CBR.com reporter Latonya Pennington gathered together “15 Muslim Characters in Comics You Should Know” in an article dated February 3, 2017, and included a long list of superhero characters including Wilson’s Kamala Khan (Ms. Marvel), a Pakistani-Muslim living in the U.S. This was the first comic in which a Muslim character headlined their own title. Other than Marjane Satrapi’s autobiographical graphic novel, Persepolis, about her childhood in Iran (translated into English in 2003/2004), there are no other Middle Eastern non-superhero characters mentioned in the list.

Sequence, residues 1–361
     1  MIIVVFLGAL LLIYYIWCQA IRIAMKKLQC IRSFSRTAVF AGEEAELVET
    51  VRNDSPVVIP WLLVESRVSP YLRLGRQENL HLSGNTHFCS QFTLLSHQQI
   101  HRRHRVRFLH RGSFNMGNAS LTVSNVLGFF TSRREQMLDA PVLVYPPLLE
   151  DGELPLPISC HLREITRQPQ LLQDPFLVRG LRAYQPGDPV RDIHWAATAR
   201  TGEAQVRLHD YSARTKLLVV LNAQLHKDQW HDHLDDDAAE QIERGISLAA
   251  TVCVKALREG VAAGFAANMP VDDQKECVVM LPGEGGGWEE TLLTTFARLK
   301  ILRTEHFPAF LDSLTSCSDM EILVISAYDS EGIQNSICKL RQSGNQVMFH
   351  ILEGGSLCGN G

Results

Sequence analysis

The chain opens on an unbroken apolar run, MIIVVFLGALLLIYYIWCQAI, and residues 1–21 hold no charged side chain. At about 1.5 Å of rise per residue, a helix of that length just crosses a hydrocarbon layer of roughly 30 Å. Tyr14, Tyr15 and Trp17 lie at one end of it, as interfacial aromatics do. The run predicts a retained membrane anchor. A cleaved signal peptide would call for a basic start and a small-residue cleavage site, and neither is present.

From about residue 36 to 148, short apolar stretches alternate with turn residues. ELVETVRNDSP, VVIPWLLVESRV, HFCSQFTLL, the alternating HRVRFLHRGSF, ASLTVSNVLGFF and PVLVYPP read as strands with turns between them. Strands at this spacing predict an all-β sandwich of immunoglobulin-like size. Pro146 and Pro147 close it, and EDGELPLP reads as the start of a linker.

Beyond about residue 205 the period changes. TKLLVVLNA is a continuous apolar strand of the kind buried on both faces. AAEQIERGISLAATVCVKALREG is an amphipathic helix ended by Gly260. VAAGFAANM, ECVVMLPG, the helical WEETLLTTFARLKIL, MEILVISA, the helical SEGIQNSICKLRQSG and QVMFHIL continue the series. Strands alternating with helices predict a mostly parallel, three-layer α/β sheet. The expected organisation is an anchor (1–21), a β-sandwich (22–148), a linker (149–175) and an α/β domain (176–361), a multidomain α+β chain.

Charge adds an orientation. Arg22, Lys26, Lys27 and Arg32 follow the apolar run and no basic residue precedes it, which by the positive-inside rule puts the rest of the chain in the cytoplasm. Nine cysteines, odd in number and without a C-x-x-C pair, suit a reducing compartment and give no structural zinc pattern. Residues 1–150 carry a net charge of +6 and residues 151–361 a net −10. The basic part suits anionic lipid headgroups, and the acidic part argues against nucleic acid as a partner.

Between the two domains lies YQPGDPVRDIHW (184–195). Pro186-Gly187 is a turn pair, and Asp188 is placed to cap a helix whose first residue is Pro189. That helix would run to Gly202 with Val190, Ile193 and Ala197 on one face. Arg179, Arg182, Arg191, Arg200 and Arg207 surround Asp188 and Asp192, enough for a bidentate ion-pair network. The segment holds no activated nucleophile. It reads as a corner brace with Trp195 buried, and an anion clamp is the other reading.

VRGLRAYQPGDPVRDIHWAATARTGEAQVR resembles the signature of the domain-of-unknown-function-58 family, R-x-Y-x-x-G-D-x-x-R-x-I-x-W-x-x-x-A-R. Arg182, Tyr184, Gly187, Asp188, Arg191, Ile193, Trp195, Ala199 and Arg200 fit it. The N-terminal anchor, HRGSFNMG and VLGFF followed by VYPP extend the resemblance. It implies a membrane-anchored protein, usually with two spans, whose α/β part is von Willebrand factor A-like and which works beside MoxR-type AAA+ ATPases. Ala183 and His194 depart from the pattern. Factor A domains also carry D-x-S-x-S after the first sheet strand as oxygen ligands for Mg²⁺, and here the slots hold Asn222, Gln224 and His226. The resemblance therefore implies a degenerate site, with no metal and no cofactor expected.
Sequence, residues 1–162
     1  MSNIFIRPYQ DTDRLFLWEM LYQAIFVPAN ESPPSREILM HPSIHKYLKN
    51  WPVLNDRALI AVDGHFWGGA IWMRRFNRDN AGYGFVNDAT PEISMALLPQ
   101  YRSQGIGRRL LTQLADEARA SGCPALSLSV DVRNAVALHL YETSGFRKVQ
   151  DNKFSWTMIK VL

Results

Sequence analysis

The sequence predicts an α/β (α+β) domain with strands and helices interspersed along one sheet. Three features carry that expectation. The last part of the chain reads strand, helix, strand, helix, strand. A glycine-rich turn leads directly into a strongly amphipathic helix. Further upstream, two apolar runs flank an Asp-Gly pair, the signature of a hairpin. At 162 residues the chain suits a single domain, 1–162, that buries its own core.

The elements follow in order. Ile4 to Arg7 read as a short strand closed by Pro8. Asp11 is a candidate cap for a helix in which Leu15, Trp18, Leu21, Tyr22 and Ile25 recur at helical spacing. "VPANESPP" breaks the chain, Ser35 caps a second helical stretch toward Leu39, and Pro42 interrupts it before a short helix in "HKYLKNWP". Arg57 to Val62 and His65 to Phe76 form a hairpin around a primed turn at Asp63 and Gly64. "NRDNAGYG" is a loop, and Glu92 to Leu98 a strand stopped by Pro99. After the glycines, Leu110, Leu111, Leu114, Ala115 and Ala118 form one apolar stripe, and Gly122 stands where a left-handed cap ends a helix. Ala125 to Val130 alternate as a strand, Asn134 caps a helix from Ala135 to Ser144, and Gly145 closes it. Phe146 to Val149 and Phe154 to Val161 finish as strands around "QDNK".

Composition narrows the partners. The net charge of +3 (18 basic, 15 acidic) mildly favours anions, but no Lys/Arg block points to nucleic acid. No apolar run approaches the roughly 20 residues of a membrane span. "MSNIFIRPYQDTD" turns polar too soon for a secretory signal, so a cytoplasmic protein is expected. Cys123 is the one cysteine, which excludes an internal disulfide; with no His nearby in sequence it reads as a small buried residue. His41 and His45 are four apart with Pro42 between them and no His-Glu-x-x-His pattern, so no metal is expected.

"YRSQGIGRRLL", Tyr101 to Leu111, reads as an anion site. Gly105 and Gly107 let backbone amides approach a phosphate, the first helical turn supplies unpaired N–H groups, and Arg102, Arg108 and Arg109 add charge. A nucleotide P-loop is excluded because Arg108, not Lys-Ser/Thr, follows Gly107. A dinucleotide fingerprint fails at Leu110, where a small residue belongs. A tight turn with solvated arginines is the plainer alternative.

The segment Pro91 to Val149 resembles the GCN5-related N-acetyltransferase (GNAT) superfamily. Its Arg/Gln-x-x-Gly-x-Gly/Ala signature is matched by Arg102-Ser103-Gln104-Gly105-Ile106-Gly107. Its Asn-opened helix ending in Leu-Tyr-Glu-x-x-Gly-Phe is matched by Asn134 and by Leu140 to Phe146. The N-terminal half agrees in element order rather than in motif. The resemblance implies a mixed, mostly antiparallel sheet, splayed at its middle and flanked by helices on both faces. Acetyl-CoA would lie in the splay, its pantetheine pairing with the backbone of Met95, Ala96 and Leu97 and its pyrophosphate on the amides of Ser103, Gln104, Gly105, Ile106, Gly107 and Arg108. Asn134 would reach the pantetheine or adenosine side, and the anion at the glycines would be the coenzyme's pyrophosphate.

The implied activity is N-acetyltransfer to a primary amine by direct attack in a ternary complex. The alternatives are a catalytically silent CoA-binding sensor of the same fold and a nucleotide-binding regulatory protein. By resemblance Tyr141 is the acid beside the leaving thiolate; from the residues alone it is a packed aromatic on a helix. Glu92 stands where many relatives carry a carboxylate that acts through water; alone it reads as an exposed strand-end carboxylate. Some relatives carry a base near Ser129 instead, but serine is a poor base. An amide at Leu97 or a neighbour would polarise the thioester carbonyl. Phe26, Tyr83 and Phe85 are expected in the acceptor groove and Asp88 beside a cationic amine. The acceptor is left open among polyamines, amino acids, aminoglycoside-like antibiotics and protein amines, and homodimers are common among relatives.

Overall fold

So, where does this put Cairo at the time of its release in 2007? First, the graphic novel challenged well-worn Muslim stereotypes by taking place in Cairo and by having an international cast (Egyptian, Israeli, Lebanses-American, American) in which to explore and step away from the stereotypical Muslim portrayals. Wilson’s efforts to capture her experiences and engagement with Cairo and its inhabitants resulted in one of the first Western sequential stories to provide a positive view of a Middle Eastern culture. It resonated with American audiences, and, in late 2007, Cairo was named one of the best graphic novels of the year by Publishers Weekly. School Library Journal named the paperback edition one of the Best Graphic Novels for High School Students in 2008 while in 2009, the American Library Association named Cairo one of the Top Ten Graphic Novels for Teens.